Wiedemann – Franz Law
Wiedemann – Franz Law is the law which relates the thermal conductivity (k) and the electrical conductivity (σ) of a material which consists of somewhat freely moving electrons in it.
Thermal Conductivity (k): It is the degree of capacity of a material to conduct heat.
Electrical Conductivity (σ): It is the degree of capacity of a material to conduct electricity (1/ σ).
In metals, when temperature increases, the velocity of free electrons increases and that leads to an increase in heat transfer and it also increases the collisions between the lattice ions and free electrons. This results in the drop in electrical conductivity.
The law defines the ratio of the electric role of the thermal conductivity of a material to the electrical conductivity of a material is directly relative to the temperature.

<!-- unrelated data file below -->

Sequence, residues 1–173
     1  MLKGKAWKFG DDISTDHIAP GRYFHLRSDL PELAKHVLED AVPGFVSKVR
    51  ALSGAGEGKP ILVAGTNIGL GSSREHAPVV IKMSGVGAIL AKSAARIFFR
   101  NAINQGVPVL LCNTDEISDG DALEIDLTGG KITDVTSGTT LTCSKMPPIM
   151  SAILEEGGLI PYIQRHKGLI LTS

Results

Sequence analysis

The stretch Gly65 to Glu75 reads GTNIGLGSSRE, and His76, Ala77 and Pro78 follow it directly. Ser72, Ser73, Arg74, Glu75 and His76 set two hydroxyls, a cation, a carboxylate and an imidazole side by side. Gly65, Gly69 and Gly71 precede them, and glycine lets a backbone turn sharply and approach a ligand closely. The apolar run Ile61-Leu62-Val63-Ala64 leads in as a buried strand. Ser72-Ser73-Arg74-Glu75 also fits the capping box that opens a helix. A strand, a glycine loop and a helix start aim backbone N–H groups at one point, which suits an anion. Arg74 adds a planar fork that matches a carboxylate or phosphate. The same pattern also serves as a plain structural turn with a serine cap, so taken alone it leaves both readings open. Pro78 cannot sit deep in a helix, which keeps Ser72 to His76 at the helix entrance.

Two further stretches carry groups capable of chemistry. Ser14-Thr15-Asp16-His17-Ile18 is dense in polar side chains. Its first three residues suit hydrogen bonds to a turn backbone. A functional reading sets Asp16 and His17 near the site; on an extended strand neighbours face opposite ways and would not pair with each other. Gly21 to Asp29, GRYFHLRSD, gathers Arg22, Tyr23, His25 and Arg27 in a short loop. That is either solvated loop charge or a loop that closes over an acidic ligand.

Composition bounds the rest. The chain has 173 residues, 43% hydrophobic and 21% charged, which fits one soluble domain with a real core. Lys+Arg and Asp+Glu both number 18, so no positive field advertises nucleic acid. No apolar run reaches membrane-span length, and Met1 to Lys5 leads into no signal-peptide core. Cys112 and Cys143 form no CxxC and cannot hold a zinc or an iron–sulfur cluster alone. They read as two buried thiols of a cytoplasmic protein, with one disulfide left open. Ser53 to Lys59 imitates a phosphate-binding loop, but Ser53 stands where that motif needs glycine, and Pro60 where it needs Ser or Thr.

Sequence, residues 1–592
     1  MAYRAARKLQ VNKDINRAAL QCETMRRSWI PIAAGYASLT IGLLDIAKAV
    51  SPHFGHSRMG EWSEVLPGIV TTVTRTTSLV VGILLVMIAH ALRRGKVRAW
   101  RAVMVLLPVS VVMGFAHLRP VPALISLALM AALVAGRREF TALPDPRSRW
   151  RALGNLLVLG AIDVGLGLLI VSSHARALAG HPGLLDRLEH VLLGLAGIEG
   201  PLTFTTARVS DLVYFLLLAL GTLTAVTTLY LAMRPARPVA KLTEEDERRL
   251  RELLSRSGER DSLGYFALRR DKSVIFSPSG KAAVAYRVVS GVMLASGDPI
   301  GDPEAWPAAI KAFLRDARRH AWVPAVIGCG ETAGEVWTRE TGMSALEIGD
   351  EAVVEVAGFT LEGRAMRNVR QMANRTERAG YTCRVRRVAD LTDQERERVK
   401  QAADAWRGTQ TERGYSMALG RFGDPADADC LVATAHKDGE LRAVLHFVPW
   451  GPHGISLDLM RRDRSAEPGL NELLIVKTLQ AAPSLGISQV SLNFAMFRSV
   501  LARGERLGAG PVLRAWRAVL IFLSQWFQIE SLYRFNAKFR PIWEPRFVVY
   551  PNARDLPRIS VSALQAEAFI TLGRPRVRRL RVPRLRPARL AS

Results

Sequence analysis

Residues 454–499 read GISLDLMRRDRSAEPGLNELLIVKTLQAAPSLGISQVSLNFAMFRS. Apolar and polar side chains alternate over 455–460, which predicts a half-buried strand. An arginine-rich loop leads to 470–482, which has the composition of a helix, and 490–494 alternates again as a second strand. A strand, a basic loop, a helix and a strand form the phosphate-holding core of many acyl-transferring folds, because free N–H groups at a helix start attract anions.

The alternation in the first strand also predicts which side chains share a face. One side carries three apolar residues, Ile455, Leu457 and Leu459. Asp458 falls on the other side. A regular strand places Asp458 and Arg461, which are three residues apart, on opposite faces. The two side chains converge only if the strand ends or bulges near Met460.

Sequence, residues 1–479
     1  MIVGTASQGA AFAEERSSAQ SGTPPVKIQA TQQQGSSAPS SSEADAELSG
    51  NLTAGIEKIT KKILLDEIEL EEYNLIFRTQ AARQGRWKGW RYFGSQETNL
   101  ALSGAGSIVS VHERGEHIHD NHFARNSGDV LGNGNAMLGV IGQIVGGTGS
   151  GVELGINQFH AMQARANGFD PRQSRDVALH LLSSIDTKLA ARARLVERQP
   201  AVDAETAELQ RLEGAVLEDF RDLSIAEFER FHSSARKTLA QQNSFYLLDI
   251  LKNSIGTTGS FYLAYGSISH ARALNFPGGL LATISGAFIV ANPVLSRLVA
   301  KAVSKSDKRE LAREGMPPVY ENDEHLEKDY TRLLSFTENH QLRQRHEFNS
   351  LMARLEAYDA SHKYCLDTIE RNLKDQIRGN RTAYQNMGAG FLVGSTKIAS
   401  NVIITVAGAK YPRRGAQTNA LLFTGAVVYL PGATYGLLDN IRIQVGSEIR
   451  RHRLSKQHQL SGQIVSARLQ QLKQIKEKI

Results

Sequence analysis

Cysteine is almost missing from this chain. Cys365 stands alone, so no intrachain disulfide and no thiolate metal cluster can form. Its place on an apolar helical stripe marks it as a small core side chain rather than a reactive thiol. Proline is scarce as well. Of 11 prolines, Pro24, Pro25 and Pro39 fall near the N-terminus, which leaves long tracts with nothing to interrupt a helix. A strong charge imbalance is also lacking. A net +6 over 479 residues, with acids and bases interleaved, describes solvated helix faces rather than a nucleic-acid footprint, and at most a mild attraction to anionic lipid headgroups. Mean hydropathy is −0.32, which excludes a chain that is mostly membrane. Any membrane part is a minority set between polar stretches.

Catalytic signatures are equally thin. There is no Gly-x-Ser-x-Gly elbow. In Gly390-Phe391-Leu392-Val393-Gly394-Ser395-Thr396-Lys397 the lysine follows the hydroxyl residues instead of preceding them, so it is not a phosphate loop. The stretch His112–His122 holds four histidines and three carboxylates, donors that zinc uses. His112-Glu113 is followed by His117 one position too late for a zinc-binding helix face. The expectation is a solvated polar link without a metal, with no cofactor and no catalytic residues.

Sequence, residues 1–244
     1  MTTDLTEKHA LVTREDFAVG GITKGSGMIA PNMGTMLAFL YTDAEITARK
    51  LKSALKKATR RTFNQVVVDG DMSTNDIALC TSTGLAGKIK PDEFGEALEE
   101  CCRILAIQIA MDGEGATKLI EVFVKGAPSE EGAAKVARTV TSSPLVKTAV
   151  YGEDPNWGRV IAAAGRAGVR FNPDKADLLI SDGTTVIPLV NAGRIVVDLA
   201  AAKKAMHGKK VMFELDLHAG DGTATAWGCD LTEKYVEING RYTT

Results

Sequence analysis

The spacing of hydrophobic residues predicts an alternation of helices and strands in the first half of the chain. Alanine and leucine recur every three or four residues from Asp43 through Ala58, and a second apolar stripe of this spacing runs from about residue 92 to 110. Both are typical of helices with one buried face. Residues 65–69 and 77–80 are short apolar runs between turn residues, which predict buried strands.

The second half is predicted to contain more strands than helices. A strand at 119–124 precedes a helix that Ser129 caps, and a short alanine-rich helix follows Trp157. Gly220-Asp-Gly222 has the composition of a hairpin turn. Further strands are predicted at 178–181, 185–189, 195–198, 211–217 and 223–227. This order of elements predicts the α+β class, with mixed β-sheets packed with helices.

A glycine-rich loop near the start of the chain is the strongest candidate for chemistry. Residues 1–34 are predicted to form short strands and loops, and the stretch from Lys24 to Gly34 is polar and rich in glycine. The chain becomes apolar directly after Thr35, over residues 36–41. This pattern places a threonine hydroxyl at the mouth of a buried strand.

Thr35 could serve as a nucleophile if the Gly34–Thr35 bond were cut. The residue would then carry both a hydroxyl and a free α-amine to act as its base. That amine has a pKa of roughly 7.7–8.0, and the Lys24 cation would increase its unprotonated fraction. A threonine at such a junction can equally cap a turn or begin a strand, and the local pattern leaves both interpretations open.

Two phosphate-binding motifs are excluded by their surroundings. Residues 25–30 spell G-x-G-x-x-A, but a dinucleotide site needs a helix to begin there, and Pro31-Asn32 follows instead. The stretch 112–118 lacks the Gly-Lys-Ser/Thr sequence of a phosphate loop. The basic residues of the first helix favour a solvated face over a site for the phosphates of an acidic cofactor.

k/ σ = LT.
Here, the L is proportionality constant and it is called as the Lorenz number.
L = k/ σT
= (π²/ 3) x (kB/e)² = 2.44 x 10⁻⁸ WΩK⁻².
L = Lorenz number = 2.44 x 10⁻⁸ WΩK⁻².
T = Temperature.
This law is named after Gustav Wiedemann and Rudolph Franz in 1853 reported that the ratio k/ σ has more or less the similar value for dissimilar metal at the same temperature.
Wiedemann Franz Law Limitations:
- The value of Lorenz number L is not same for every materials.
- The law don’t hold true for intermediate temperature.
- The temperature decrease as both (K) and (σ) increases in the pure metals.